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This Mercedes Benz 300d Cabriolet D "Adenauer" comes from a very important collection of vehicles. The Adenauer was last conserved in April 2020.
In the 90s, a very extensive and high-quality restoration took place, during which the Adenauer got a gray paint job in DB 190 H (nitro paint) instead of the original black. As part of the restoration, it was completely disassembled and rebuilt from scratch. A photo documentation shows this process in detail.
The over 5 meter long convertible is anything but inconspicuous. When you drive up in this convertible, you make a regal entrance, even if it's only in front of the ice cream parlor in the neighboring village. Discreet is different. But that's exactly what makes this luxury-class convertible stand out. Originally used as a state limousine by heads of state after World War II, it is now a sought-after collector's item.
The combination of the gray paint and the light gray interior makes for a harmonious overall appearance. A nice contrast is provided by the dark burl wood in the interior, which adorns the doors and dashboard. Thanks to the high-quality restoration, one has the feeling of sitting in a newly delivered vehicle. The dimensions of the luxury-class convertible and the elevated seating position make for a sublime driving experience.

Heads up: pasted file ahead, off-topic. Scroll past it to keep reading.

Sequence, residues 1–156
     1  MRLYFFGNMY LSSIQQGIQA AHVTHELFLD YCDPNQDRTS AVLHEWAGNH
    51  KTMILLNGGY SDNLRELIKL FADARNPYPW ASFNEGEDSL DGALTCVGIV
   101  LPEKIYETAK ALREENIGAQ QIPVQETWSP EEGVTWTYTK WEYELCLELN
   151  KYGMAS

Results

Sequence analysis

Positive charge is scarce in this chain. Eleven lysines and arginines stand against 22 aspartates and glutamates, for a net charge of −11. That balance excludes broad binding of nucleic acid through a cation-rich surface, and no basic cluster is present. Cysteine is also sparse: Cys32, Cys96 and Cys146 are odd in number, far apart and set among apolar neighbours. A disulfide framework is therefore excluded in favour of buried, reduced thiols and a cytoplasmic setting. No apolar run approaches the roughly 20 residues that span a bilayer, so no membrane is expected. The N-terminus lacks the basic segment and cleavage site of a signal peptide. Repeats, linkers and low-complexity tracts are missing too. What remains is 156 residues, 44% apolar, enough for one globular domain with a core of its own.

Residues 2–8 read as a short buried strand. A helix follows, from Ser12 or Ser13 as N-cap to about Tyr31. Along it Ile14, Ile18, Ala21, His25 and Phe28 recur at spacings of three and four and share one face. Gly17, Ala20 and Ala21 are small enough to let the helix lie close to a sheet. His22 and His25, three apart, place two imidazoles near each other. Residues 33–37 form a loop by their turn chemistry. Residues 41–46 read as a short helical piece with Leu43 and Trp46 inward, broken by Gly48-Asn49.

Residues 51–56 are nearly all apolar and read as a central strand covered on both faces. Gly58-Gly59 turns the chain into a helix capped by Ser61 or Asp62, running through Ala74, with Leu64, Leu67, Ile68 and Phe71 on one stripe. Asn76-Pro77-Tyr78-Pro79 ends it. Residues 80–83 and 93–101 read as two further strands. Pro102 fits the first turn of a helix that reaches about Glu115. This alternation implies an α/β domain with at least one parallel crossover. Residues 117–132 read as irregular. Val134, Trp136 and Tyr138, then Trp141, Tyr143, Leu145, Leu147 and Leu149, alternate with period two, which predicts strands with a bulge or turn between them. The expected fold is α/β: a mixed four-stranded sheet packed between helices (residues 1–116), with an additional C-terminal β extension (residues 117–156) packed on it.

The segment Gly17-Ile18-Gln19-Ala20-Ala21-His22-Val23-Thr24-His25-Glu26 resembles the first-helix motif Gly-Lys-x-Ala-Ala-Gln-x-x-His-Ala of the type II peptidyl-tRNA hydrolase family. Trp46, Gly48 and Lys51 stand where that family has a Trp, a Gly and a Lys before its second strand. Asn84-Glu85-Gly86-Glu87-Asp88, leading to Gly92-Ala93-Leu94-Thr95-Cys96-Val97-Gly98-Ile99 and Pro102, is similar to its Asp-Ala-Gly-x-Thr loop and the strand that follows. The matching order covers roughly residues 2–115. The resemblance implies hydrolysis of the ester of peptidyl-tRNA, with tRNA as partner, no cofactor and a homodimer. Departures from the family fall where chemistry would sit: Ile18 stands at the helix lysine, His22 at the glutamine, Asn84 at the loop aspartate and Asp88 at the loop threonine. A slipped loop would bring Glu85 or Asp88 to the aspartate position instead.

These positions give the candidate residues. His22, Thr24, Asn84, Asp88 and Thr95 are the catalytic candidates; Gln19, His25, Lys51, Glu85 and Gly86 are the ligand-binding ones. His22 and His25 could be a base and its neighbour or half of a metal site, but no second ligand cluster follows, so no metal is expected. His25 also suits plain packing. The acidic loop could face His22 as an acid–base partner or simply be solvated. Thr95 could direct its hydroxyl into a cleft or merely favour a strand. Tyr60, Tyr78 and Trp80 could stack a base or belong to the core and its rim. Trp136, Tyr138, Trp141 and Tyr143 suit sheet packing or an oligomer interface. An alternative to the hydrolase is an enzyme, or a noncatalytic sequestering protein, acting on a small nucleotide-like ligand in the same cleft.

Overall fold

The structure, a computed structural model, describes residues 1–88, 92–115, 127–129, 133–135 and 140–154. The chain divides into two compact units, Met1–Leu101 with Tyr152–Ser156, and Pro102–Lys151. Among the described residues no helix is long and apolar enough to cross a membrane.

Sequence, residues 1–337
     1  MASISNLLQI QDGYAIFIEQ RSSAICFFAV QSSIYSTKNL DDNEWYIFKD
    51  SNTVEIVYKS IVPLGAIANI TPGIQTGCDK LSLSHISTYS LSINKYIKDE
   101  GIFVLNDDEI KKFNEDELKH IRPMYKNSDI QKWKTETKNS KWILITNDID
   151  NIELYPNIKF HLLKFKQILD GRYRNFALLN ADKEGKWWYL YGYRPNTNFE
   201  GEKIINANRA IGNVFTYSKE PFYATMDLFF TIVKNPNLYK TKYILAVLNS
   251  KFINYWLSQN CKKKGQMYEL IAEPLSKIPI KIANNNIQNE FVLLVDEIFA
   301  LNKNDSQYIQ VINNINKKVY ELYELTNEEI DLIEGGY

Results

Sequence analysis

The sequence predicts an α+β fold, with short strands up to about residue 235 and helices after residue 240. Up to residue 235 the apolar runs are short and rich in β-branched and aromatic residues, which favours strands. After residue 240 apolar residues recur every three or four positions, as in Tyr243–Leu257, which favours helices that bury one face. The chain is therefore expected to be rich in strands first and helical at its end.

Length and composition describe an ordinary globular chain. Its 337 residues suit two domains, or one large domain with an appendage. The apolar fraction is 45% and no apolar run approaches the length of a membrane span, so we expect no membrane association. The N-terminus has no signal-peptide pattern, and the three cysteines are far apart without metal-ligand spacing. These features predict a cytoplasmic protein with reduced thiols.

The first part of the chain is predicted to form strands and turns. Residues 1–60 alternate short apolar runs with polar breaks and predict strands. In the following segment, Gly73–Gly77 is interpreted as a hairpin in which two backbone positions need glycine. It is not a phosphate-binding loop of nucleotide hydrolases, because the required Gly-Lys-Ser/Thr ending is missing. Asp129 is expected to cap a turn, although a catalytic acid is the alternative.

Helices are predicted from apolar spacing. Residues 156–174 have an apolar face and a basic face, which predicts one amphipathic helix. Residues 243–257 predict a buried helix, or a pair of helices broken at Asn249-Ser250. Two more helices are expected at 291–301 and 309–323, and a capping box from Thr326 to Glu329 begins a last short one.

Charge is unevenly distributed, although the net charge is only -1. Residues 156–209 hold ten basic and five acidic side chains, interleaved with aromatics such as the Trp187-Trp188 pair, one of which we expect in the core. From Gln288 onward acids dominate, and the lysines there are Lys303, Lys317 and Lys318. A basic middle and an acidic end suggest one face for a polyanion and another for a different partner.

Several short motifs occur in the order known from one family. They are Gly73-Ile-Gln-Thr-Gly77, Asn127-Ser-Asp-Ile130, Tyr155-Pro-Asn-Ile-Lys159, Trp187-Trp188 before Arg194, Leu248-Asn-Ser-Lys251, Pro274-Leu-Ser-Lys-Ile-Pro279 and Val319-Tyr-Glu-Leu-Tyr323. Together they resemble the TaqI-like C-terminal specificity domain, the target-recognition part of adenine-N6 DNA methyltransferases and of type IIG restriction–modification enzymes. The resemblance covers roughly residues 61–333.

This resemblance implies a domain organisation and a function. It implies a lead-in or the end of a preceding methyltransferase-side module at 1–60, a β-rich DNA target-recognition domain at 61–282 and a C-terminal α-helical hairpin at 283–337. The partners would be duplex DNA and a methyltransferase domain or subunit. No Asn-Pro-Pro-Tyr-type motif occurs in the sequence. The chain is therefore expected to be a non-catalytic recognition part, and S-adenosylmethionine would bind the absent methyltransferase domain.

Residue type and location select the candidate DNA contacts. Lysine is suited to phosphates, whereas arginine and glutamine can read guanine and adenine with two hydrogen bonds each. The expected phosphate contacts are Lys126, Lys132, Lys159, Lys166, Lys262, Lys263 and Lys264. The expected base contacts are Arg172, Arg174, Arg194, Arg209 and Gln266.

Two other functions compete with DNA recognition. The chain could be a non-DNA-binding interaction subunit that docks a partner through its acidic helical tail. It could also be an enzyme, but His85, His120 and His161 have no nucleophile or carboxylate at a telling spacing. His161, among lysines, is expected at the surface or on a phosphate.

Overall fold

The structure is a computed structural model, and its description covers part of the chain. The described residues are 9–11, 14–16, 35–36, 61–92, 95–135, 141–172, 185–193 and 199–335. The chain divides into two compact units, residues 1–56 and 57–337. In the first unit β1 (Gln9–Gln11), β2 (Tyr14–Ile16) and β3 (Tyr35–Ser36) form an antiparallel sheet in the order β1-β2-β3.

As the successor model to the 300 c representative sedan (W186), the W189 was "the" German state sedan until the W100 series replaced it. At the time, the W189 was the largest production vehicle made in Germany.
The W189 Cabriolet gave rise to the then novel term "hardtop sedan". The reason for this was the lack of side pillars on the frame/body.
The W189 was the first Mercedes to be developed with intake manifold fuel injection, unlike the 300 SC and 300 SL. Innovations to the earlier models included power steering, power windows, orthopedic seats, air conditioning and the first steel sunroof at extra cost.
One of the 3 extended Pullman limousines or Pullman landaulets was delivered to the Vatican and used by Pope John XXIII as the "Papamobil".